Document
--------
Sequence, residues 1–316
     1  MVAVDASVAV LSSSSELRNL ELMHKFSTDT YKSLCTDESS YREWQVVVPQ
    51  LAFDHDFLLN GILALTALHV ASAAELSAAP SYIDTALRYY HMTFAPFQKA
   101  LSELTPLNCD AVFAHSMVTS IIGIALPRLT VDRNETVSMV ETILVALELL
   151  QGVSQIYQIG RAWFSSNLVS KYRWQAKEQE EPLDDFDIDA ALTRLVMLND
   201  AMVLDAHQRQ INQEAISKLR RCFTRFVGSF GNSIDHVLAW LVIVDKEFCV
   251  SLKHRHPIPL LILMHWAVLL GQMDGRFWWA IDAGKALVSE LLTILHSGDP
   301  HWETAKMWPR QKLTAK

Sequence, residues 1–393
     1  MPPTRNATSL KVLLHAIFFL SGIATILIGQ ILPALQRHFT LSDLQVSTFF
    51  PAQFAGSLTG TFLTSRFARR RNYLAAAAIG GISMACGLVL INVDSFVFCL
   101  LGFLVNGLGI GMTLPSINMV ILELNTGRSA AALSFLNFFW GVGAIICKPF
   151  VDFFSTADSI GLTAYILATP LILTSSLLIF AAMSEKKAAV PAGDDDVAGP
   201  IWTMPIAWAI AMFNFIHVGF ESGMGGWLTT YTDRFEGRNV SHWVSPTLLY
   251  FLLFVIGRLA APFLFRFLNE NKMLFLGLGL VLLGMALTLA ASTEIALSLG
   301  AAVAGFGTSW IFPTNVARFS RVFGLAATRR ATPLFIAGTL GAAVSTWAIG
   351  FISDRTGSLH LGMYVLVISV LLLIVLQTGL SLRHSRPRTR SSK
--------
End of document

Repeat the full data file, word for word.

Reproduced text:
Sequence, residues 1–316
     1  MVAVDASVAV LSSSSELRNL ELMHKFSTDT YKSLCTDESS YREWQVVVPQ
    51  LAFDHDFLLN GILALTALHV ASAAELSAAP SYIDTALRYY HMTFAPFQKA
   101  LSELTPLNCD AVFAHSMVTS IIGIALPRLT VDRNETVSMV ETILVALELL
   151  QGVSQIYQIG RAWFSSNLVS KYRWQAKEQE EPLDDFDIDA ALTRLVMLND
   201  AMVLDAHQRQ INQEAISKLR RCFTRFVGSF GNSIDHVLAW LVIVDKEFCV
   251  SLKHRHPIPL LILMHWAVLL GQMDGRFWWA IDAGKALVSE LLTILHSGDP
   301  HWETAKMWPR QKLTAK

Sequence, residues 1–393
     1  MPPTRNATSL KVLLHAIFFL SGIATILIGQ ILPALQRHFT LSDLQVSTFF
    51  PAQFAGSLTG TFLTSRFARR RNYLAAAAIG GISMACGLVL INVDSFVFCL
   101  LGFLVNGLGI GMTLPSINMV ILELNTGRSA AALSFLNFFW GVGAIICKPF
   151  VDFFSTADSI GLTAYILATP LILTSSLLIF AAMSEKKAAV PAGDDDVAGP
   201  IWTMPIAWAI AMFNFIHVGF ESGMGGWLTT YTDRFEGRNV SHWVSPTLLY
   251  FLLFVIGRLA APFLFRFLNE NKMLFLGLGL VLLGMALTLA ASTEIALSLG
   301  AAVAGFGTSW IFPTNVARFS RVFGLAATRR ATPLFIAGTL GAAVSTWAIG
   351  FISDRTGSLH LGMYVLVISV LLLIVLQTGL SLRHSRPRTR SSK